Fund Drive for Arts Center Is Extended

A nonprofit Venice arts group working to transform the long-vacant Venice Pavilion into a community arts facility for low-income children has an extra six months to raise the $1.5 million it needs to refurbish the building.

On Wednesday, the Los Angeles Recreation and Parks commissioners granted the Venice Arts Mecca a six-month extension to finish fund-raising because the group raised only $425,000 in the last 18 months. The commissioners also asked the Arts Mecca to return in 90 days with a detailed cost estimate of the project. The group’s leaders had asked for a year to finish their capital campaign.

“Even though it wasn’t exactly what we had wanted, we feel good about it,” said Lynn Warshafsky, president of the Arts Mecca’s board of directors. “We feel confident we’re going to know the outcome of our campaign within six months.”

The Arts Mecca, which was created four years ago to bring art to low-income children, serves about 120 youngsters each season with free workshops ranging from a pops orchestra to architecture classes. The workshops are held in schools and studios scattered throughout the Westside, but Warshafsky said moving into the pavilion will allow the organization to reach more children and expand its programs.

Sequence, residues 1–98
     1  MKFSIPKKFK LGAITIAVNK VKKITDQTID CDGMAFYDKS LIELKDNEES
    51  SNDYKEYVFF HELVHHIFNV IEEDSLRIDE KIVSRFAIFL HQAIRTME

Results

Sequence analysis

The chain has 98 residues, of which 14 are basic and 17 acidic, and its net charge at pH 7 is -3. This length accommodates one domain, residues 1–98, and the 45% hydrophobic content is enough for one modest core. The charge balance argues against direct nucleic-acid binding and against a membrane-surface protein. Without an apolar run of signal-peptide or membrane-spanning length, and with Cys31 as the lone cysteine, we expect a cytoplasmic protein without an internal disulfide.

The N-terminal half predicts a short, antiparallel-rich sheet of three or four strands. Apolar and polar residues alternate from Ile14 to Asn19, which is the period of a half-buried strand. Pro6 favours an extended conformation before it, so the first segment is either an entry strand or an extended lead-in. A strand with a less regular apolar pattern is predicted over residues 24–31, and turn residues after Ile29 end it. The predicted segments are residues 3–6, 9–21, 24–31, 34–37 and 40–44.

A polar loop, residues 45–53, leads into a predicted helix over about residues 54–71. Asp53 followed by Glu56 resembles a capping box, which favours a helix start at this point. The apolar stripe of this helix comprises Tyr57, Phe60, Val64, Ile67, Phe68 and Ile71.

“There has been a lot of excitement about creating something positive in our community that is logical for our community,” Warshafsky said. “Venice is L.A.'s arts center and has the highest rate of people at or below the poverty level on the Westside--what a wonderful marriage of social needs and all the creative energy in the community.”

Transforming the pavilion into an arts center has been a source of contention in Venice, with some arguing that the 37-year-old building should be torn down and others fighting to use it as a skate park or marine center.


In August 1995, the commissioners granted the Arts Mecca a pre-lease agreement for the building, and since then the group has completed an environmental document, negotiated a lease and finished an architectural design, but fell short in raising its goal of $1.5 million.


Warshafsky told the commissioners the group has $2 million in grant requests out to various corporations and foundations, adding that she was confident it would meet its goal.